Home > 2016 > Identity Theft

How to Tell If You’ve Been Hacked (& What to Do About It)

Advertiser Disclosure Comments 0 Comments

Due to the countless ways we connect digitally, the odds of getting hacked are right up there with the likelihood of catching a cold — and like the common cold, you can increase or decrease your risk of exposure to germs that may make you miserable.

The goal of a particular hacker may be the creation of a spamming-for-dollars botnet or cracking a target that requires an enormous amount of computing power. It might be grabbing information for identity-related crimes. Increasingly, it involves ransomware that takes an organization’s servers hostage until extortion demands are met.

There are so many phishing schemes floating in cyberspace, so many pitfalls set by hackers, the chances are good you’ve already come in contact with malware of one stripe or another. One recent estimate found that more than half of the infected files in cloud storage apps get shared.

Digital hygiene isn’t much different from any other kind, but in the same way parents pass on common sense advice to wash your hands frequently during cold and flu season, it’s crucial to learn about your various exposures and how to spot trouble when it happens.

The most important behavior needed here is restraint. If you’re not sure about a file or a link, take a breath and listen to the cyber angel sitting on your shoulder who says, “Don’t click.”

When It Happens?

The best way to reduce the odds of falling for something is to accept the premise that that you will almost certainly get hacked — in the event that for some reason beyond the ken of understanding you haven’t been hacked already.

I’m not saying that you shouldn’t do everything you can to prevent it, but the real thing to focus attention on is the telltale signs that a hack has already happened.

Identifying Social Media Nightmares

The most obvious sign that your social media account has been hacked is the appearance of posts that you didn’t put there, whether they show up on your timeline or feed — often spammy-looking advertisements for goods or services. You may also discover messages that you didn’t send, or be unable to access your account after a hacker has changed the password and your recovery email and phone number.

If you log in to any of your social media accounts and find a random flood of new friends or there’s suddenly a bunch of complete strangers you are now following that you neither confirmed nor requested, you’ve been hacked and need to take action.

Related, though not hacking per se, is account-cloning. This is what happens when a hacker creates a timeline that looks just like yours but isn’t — a copy made of stolen photos and information from your timeline to trick your friends into providing personal information that can (and most likely will) be used to turn a profit.

What To Do: On Facebook, regularly monitor the active sessions on your account. If you see logins from strange locations or posts that you don’t recognize on any social media account, assume there’s a problem and immediately change your password (not to “password” or 1234567). If you see that someone has cloned your timeline, follow the instructions on Facebook’s Help Community site. Instagram users should go to its Help Center. And Twitter followers of the non-Carlos Danger variety — i.e., those who’ve actually been hacked — can go to its Help Center as well.

Keeping Your PCs Clean

If you are running older versions of software with known security issues or have failed to upgrade your anti-virus software, the odds are better than ever that your machine has been infected with some form of malware.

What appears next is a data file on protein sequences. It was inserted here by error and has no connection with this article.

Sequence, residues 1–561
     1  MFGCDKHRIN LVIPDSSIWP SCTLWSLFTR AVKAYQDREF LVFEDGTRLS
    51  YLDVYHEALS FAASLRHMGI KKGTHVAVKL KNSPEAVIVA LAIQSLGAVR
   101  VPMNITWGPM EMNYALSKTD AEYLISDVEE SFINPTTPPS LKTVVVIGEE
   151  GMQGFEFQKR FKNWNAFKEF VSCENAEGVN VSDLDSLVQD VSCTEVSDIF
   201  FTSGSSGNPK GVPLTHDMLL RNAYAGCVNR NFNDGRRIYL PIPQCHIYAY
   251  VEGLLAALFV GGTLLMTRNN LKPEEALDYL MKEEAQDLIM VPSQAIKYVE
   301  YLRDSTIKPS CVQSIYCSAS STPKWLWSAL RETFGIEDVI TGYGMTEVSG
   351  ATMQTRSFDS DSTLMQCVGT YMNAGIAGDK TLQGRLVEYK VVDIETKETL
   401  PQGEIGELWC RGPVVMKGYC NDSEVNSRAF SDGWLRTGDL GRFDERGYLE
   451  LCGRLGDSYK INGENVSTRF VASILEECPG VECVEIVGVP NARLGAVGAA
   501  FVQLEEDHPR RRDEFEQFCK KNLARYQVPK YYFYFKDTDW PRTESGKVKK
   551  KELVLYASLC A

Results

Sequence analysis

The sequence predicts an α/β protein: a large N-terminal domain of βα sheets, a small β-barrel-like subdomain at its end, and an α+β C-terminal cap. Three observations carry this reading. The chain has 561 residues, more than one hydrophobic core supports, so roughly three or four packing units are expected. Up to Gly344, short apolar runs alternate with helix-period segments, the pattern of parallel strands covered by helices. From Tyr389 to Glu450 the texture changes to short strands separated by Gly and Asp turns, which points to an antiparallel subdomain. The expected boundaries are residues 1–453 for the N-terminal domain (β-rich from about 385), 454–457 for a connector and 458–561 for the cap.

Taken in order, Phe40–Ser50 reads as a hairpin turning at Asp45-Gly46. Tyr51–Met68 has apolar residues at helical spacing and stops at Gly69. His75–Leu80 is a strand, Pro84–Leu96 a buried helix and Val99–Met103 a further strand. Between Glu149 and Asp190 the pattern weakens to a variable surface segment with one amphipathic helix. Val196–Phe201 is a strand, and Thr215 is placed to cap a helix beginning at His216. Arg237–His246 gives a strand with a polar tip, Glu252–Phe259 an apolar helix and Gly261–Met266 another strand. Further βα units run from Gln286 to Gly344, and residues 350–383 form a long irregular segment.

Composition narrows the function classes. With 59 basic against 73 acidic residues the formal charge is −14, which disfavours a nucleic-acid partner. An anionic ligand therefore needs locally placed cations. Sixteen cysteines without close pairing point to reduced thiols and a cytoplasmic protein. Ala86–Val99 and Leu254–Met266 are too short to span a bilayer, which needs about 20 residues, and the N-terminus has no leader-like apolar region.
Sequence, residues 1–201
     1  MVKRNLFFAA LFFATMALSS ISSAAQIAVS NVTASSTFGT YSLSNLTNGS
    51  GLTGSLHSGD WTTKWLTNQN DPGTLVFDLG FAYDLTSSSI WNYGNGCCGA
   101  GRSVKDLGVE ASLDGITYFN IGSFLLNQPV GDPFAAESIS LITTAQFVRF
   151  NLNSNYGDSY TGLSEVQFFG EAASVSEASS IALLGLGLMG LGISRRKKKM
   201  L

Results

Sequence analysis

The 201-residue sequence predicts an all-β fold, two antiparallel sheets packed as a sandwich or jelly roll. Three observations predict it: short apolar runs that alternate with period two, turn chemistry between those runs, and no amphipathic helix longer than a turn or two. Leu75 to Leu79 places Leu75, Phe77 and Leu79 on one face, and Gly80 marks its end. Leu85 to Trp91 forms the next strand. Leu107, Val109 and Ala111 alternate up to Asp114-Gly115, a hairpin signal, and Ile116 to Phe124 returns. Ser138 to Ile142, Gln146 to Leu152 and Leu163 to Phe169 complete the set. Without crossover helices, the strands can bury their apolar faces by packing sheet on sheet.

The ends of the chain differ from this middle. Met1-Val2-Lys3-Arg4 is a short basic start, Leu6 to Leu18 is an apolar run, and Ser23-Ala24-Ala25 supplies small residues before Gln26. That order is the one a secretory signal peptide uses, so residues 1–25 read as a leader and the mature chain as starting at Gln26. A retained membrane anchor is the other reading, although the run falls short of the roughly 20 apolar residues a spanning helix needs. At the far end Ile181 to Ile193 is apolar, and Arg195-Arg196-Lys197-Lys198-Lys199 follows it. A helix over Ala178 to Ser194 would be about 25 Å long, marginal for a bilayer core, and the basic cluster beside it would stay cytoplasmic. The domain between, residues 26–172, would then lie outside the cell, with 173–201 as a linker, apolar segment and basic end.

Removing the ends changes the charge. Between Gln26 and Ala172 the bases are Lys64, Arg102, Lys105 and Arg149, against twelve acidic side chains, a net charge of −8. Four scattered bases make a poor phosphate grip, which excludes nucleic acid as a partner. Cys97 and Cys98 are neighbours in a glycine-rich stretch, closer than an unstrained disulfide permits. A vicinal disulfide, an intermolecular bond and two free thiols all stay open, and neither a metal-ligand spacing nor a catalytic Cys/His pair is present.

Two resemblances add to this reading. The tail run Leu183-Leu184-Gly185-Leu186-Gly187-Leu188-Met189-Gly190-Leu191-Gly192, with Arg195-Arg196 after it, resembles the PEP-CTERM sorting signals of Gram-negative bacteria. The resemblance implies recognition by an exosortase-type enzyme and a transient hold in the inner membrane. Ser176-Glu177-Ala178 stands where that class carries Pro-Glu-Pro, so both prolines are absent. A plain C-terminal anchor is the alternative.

Signs that your PC has been compromised are many and various, but one of the key ways a compromise manifests itself is slowness. Nothing else is going on (no programs are running), but your computer takes F-O-R-E-V-E-R to accomplish the simplest tasks. Other signs: Toolbars, programs and pop-ups appear; there are new programs in Windows Start Up, you can’t shut down or your anti-virus program is disabled.

What To Do: Most everything you need to know to remove malware from your PC can be found online. The bottom line: Do something. Don’t assume that because your computer is working more or less that everything is okay.

Safeguarding Your Mac

Although it’s not as common, iOS can, and does, get hacked. The signs are similar: Your machine is moving glacially on the simplest tasks, strange pop-ups appear. You may discover fake anti-virus programs.

What to Do: Visit the Apple Genius bar, but bear in mind, many Anti-Virus programs can be the culprit as they sometimes require serious processing power. Regardless, your destination is the same since the experts at the Genius Bar will be able to determine the issue quickly and most likely solve your problem that day.

Protecting iCloud

The indications that your iCloud account has been compromised are numerous. You may start receiving emails about password changes or attempts to login in to your iCloud account. If you use two-factor authentication, you may get requests for your token or security code even though you didn’t initiate the process.

While you may think it’s a glitch, it probably isn’t. Ignore these emails at your peril. Chances are good that it’s either a hacker or your kid. Either way, you need to take action.

Watch out for downloads and iTunes purchases that you don’t recognize, and if your phone no longer works correctly or does strange things, you may well be having a problem.

What To Do: Change passwords, and if that doesn’t do the trick, head over to the nearest Genius Bar.

Smart Email Security

It’s relatively easy to hack an email account, so the first rule is to stay vigilant. Check your email regularly and also monitor your Sent file. That may give you the first indication of a problem.

When it comes to Gmail in particular, it’s easy to see if you are having an issue. To be sure, go to Last Account Activity at the bottom of your Gmail Inbox. This will show you the last 10 logins. If you don’t recognize something there, you may have a hacker in your stuff.

Next, email forwarding can be an issue because no one ever checks it, but hackers use it all the time. You can make sure your email is not being forwarded by going to settings and then to the Forwarding and Pop/IMAP tab. POP/IMAP is another way a hacker can tap into your email, since the feature allows email to appear on any device that has the password. Best to disable this feature if you’re not using it.

At the end of the day, getting hacked is becoming almost as commonplace as breathing, but it needn’t be an extinction-level event. That said, if you download ransomware, it can be costly. (If you ever have reason to believe you were hacked, it’s a good idea to monitor your credit for signs of identity theft. You can view a free credit report summary, along with two free credit scores, updated every 14 days, on Credit.com.)